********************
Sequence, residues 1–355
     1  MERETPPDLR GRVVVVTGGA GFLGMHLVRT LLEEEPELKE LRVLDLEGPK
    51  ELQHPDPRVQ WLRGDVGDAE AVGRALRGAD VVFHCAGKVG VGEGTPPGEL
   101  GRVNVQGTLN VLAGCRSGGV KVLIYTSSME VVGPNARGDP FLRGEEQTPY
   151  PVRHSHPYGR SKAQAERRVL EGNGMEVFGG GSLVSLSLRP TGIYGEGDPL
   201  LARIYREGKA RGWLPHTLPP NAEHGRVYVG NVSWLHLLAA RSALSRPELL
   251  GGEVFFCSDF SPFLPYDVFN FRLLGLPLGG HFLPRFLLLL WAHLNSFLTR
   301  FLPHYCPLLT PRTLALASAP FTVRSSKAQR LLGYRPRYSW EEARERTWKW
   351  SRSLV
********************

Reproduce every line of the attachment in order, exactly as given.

Sequence, residues 1–355
     1  MERETPPDLR GRVVVVTGGA GFLGMHLVRT LLEEEPELKE LRVLDLEGPK
    51  ELQHPDPRVQ WLRGDVGDAE AVGRALRGAD VVFHCAGKVG VGEGTPPGEL
   101  GRVNVQGTLN VLAGCRSGGV KVLIYTSSME VVGPNARGDP FLRGEEQTPY
   151  PVRHSHPYGR SKAQAERRVL EGNGMEVFGG GSLVSLSLRP TGIYGEGDPL
   201  LARIYREGKA RGWLPHTLPP NAEHGRVYVG NVSWLHLLAA RSALSRPELL
   251  GGEVFFCSDF SPFLPYDVFN FRLLGLPLGG HFLPRFLLLL WAHLNSFLTR
   301  FLPHYCPLLT PRTLALASAP FTVRSSKAQR LLGYRPRYSW EEARERTWKW
   351  SRSLV